Shows a detail of a demo painting I did

Focus On Process Not Outcome

Before every workshop I teach, I have students read a blog I did some time ago called the 14 Ways To Get The Most Out Of A Workshop. I ask each participant to choose one of the points that they know will be a struggle for them. At my most recent workshop (in Gibsons, BC, Canada), the point that resonated with many students was #5: focus on process not outcome.

This concept of focusing on process not outcome is crucial not just in workshops but whenever we are art-making. Undeniably, it’s an effort to do this. We are judged by the external world on our results, not on our process. And we often judge ourselves that way too.

During a demonstration at the workshop, even when I knew better, there was a wee inner voice saying, “I hope this painting turns out well.” As a seasoned workshop instructor with many years of painting experience, with entry into juried shows, with awards, there’s still a deep-seated desire for the results of my painting time to be something worthy of the effort. 

photo of the scene
The Scene
Focus on process not outcome: Gail's demo of tree showing her process of working
My demo on UART 400 paper, 7 x 6 in.
Pastels used in the demo
Pastels used (assorted mix of Unison and Schmincke and Mount Vision). At the end of the demonstration, I did add a red and pink within the foliage to show colour contrast but I didn’t use those throughout the piece so they aren’t seen here.

Of course we want our efforts to turn out well, who wouldn’t? Yet we set ourselves up for disappointment by wishing every venture on the blank canvas to be a success. Chances are, not every painting is going to result in the perfect piece. That’s just normal! Yet we do this.

If we focus only on how the result will look, we may get so anxious about painting that we never even start it. Our fears and doubts can stall us and so we give up before we even begin. We want to avoid the pain of seeing a failed piece. We think: better not to do anything at all than end up with some junky result. And so, in the end, we lose: we give up on our creative impulse by letting our ego rule us. If we went about our lives like that, we wouldn’t accomplish anything!  So instead I want to encourage you to focus on process, not outcome.

Let’s put our full attention on the process of making art. Let’s be intentional about releasing our need to have a successful outcome. With the focus on process rather than outcome, we’re free to experiment, to make new marks, to try new colour combinations, to explore new materials. This is how we move forward and grow as artists. Try new things, learn new stuff, evolve as an artist!

Also, isn’t it in the process of art-making where we find our ultimate joy? Yet if we’re all tied up in knots about what the end result will look like, we can’t revel in that pleasure.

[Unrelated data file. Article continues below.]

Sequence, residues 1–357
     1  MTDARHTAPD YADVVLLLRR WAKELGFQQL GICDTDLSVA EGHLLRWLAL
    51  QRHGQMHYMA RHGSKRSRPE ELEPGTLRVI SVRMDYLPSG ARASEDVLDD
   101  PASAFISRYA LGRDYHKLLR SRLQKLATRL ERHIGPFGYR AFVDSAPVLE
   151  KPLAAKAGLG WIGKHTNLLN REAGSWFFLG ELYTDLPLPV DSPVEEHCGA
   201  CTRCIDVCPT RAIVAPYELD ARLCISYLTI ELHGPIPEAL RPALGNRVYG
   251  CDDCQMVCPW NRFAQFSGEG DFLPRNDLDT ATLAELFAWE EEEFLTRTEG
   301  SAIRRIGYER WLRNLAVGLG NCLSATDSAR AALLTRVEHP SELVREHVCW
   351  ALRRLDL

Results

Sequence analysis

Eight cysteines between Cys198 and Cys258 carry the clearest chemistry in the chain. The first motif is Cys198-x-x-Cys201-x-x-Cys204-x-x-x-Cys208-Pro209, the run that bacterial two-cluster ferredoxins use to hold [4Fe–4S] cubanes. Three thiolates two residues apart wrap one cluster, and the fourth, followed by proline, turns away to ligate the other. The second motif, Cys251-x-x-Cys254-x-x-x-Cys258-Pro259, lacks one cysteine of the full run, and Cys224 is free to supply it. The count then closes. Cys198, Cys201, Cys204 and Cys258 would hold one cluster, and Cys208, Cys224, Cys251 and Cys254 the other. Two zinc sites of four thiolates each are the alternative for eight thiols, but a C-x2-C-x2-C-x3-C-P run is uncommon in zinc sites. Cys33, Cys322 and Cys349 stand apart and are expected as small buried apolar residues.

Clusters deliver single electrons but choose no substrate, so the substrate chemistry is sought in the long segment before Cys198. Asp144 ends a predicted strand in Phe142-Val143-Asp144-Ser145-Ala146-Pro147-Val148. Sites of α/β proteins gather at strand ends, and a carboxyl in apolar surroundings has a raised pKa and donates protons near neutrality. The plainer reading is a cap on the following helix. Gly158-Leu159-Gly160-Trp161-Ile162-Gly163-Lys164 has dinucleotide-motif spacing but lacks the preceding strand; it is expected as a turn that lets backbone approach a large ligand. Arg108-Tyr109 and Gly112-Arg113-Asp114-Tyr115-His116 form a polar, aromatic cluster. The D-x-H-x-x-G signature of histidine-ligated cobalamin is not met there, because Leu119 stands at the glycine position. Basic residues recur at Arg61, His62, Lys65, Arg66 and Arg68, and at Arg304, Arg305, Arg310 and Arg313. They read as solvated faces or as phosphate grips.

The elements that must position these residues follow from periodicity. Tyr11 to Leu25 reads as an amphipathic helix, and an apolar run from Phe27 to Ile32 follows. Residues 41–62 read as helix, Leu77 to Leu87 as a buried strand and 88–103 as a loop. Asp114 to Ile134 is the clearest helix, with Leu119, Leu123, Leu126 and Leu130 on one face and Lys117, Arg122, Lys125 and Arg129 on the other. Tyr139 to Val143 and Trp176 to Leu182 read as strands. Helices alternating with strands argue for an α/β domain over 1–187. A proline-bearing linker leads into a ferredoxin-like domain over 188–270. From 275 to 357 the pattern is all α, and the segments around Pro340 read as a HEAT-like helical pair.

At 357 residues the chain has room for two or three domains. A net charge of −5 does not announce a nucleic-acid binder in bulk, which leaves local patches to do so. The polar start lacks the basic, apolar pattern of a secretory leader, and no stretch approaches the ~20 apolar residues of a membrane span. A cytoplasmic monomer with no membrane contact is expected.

So let go and focus on the process of painting. Make one mark, respond to it, then another and so on until a full-blown painting emerges. Step-by-step the result of our mark-making emerges, whatever that outcome may be. And no matter what it looks like, we’ve had the deep satisfaction of doing, of painting, of revealing our creative selves and our response to the world.

I’m so proud of my students for making the commitment to focus on process not outcome during the Gibson’s Bold and Fearless Colour workshop! Here are some of their results.

Focus on process not outcome: Some of Jean Sullivan's work
Some of Jean Sullivan’s work
Focus on process not outcome: Some of Nixe Gerbitz's work
Some of Nixe Gerbitz’s work
Focus on process not outcome: Some of Margot Hallman's work
Some of Margot Hallman’s work
Photo of the class with Gail
And here we all are at the end of the week!!

Sooo stop worrying about what the painting will look like in the end and just PAINT!

That’s it for this time. I’d love to know your thoughts and reactions to this idea. Wht do you think about trying to focus on process not outcome? Please do leave me a commen below.

Until next time!

~ Gail

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43 thoughts on “Focus On Process Not Outcome”

  1. There is a direct correlation with music here. Singers are encouraged to focus on not only the beauty of the music they are producing, but concurrently the basics of their training: breathing, posture, relaxation of unnecessary muscles, facial expression. “Do not let that right-brain obsession with success or failure enter your thoughts”, was my constant mantra while performing. I can see an exact correlation here. Now, if I could just do it with pastels!!!

    1. Andrea this is such a fascinating correlation! Thank you so much for sharing your experience with singing and how the same idea applies to music. I think knowing that this concept covers more than visual art is really helpful. And yeah, still you need to apply to pastels! 😀

      1. This exactly I think why I put off painting. I will make a conscious decision to paint a little each day. I will focus on the process in the moment. I am much happier when I am painting and I get a feeling of accomplishment.

        Thanks Gail, Hannah

        1. That’s so great to hear Hannah.
          It’s easy for any of us to get caught up in judging the outcome and if it’s not perfect, give ourselves a hard time. And then not paint! Which is terrible!!! So paint and paint and just be in the process. Yay you!!

  2. I would looove a workshop close to me here in the Dordogne, but we don’t have enough art group members in our own village to organise one ourselves. I also belong to a short story writing group and like Andrea’s music correlation there is the same in creative writing.

    1. I’m excited to do a workshop in France and I am looking into working with a local company to create a painting holiday workshop in the Dordogne. But perhaps that won’t work for you. Let’s figure something out!

      Ah yes, creative writing too. It’s all about the process!!!

  3. Gail, this is so true, I realise that is what I do all the time, I end up getting so scared that I will muck up I talk myself out of doing anything. I realise I have done that with lots of things over the years, and now I am taking up art I am doing it again.
    I will try very hard to just start something, anything, get the process going and put pastel on paper

    1. I know exactly what you mean Karen!! It’s amazing how we sabotage ourselves and stop ourselves from doing anything. Focus on the pleasure of mark-making and try to forget about what it will all look like in the end. Easy to say, not so easy to do. But try, try. Play, play 😀

  4. This was a great reminder of what my instructor used to tell us…..Like you, she would say “not every painting is a masterpiece. Enjoy the process!” When first starting out, I used to frame every painting that I did. After a while, it became clear that not every painting deserved a frame, even though I enjoyed creating whatever it was. Loved seeing the works of all your students. A very productive group under your wing!!

    1. Thanks for sharing that you’ve heard this before Ruth. I don’t know how we get it in our heads that each creative outing should end in a masterpiece but there it is. Once we realise we have this crazy mindset, we can at least start doing something about it!